movie film review | chris tookey

No Manís Land

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  No Manís Land Review
Tookey's Rating
5 /10
Average Rating
7.50 /10
Ciki: Branko Djuric, Nino Rene Bitorajac, Cera Filip Sovagovic
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Directed by: Danis Tanovic
Written by: Danis Tanovic

Released: 2001
Genre: DRAMA
Origin: Bosnia-Herzegovina/ Slovenia
Colour: C
Length: 97

The central irony is that two soldiers from opposing sides, a Serb and a Bosnian, have more in common with each other than they realise, and less in common with the well-meaning but baffled UN officials and soldiers who are trying to stop them from killing each other in a no man's land trench, while saving a second Bosnian whose body has been booby-trapped with a mine.
Reviewed by Chris Tookey

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A surprise winner of Best Foreign Film at the Oscars, Danis Tanovic's picture is a parable about the absurdity of war. I've seen it hailed as a witty comedy, but I can't say I detected any laughs in it, nor indeed much wit.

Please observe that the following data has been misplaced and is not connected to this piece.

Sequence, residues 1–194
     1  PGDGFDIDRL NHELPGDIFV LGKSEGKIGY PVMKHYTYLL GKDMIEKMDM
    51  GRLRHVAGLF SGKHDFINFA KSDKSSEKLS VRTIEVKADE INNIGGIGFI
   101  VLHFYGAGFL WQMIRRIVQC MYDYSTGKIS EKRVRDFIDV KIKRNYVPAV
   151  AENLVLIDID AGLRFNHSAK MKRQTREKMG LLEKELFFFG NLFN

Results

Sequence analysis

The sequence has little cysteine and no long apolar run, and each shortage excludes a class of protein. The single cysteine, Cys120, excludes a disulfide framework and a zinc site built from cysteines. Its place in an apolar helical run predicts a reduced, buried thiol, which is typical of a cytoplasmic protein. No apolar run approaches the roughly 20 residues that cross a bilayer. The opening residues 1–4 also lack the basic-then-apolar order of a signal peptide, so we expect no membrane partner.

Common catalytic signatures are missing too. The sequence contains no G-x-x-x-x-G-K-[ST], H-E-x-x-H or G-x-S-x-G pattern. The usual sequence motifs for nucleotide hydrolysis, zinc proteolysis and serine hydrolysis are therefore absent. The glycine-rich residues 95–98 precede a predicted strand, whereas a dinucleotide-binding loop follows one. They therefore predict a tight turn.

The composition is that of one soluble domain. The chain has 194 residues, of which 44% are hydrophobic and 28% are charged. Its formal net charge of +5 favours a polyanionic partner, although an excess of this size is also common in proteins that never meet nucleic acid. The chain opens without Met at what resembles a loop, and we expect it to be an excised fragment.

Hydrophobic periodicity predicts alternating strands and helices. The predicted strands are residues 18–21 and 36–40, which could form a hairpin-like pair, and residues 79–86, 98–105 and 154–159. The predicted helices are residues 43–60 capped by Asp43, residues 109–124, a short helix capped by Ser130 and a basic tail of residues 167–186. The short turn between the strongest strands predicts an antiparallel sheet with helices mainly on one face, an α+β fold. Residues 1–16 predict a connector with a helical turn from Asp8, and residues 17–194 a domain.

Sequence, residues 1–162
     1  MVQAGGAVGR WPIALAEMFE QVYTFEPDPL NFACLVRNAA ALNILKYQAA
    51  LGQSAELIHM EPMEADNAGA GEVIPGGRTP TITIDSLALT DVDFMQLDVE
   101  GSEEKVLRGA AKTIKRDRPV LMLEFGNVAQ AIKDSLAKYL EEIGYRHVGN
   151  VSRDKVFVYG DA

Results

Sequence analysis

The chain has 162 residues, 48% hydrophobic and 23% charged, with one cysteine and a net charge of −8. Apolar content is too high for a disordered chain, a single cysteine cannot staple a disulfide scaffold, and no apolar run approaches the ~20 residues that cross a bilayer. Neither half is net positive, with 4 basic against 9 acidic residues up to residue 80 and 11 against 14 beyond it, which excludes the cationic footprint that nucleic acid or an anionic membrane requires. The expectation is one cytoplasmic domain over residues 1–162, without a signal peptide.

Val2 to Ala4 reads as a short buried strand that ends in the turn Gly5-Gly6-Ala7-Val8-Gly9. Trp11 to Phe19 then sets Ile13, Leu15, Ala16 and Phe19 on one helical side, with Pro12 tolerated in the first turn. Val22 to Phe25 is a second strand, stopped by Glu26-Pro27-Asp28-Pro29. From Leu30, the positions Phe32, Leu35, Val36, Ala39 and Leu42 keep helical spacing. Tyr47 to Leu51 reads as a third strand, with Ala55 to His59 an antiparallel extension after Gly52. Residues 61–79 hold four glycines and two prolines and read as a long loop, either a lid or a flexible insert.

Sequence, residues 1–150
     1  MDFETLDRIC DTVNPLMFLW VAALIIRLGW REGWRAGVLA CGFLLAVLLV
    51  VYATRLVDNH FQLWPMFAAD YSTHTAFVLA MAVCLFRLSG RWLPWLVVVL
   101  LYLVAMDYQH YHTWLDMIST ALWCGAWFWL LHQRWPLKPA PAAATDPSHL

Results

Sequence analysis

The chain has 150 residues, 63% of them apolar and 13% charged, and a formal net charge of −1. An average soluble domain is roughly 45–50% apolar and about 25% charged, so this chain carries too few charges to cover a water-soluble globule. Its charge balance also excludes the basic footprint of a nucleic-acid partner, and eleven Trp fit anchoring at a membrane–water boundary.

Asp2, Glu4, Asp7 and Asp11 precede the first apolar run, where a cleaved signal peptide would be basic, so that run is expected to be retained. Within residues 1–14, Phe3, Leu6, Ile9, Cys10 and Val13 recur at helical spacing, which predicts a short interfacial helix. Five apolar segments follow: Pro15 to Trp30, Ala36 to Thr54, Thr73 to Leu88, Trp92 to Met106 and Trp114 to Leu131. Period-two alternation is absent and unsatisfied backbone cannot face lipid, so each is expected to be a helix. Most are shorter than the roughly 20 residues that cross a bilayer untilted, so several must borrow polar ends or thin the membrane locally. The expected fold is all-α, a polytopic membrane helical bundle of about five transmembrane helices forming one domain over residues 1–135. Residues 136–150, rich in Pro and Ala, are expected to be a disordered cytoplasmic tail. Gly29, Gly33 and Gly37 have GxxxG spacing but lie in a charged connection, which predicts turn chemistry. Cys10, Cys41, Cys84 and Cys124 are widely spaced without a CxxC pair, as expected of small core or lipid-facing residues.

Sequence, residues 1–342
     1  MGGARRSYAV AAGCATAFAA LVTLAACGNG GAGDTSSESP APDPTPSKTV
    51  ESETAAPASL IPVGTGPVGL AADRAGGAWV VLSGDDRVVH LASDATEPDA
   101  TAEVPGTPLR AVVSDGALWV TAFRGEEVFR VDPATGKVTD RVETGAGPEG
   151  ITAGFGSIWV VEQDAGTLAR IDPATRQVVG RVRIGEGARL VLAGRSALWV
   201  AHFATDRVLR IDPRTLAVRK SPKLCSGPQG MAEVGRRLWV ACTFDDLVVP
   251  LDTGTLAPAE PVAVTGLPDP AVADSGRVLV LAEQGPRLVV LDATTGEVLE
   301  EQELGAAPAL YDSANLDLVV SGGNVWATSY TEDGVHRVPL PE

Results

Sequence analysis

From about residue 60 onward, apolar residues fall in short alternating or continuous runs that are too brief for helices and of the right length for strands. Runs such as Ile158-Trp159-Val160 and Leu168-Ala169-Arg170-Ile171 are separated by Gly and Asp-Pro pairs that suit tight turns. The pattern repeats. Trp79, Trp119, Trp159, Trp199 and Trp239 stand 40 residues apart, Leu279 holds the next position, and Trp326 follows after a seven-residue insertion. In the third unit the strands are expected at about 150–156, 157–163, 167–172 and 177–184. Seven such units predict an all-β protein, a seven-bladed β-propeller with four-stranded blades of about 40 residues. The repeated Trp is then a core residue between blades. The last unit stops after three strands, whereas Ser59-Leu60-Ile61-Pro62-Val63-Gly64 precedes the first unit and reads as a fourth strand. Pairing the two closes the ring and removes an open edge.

The film was spoiled for my by the fact that the two British characters - a tough, manipulative TV news reporter (Katrin Cartlidge) and a complacent UN commander (Simon Callow) do and say things that savour of caricature, rather than research. This undermined my confidence in the rest of it.

It is mildly interesting to see with just how jaundiced an eye a Bosnian film-maker regards foreign intervention; but as drama this too often resembles a fringe stage play. Its ironies are laboured, and initial promise fizzles out into platitudes. The booby-trapped Bosnian is rather too obviously symbolic of his country.

War may indeed be hell, but this film - though respectably written, directed and acted - doesn't add anything to our understanding of it.

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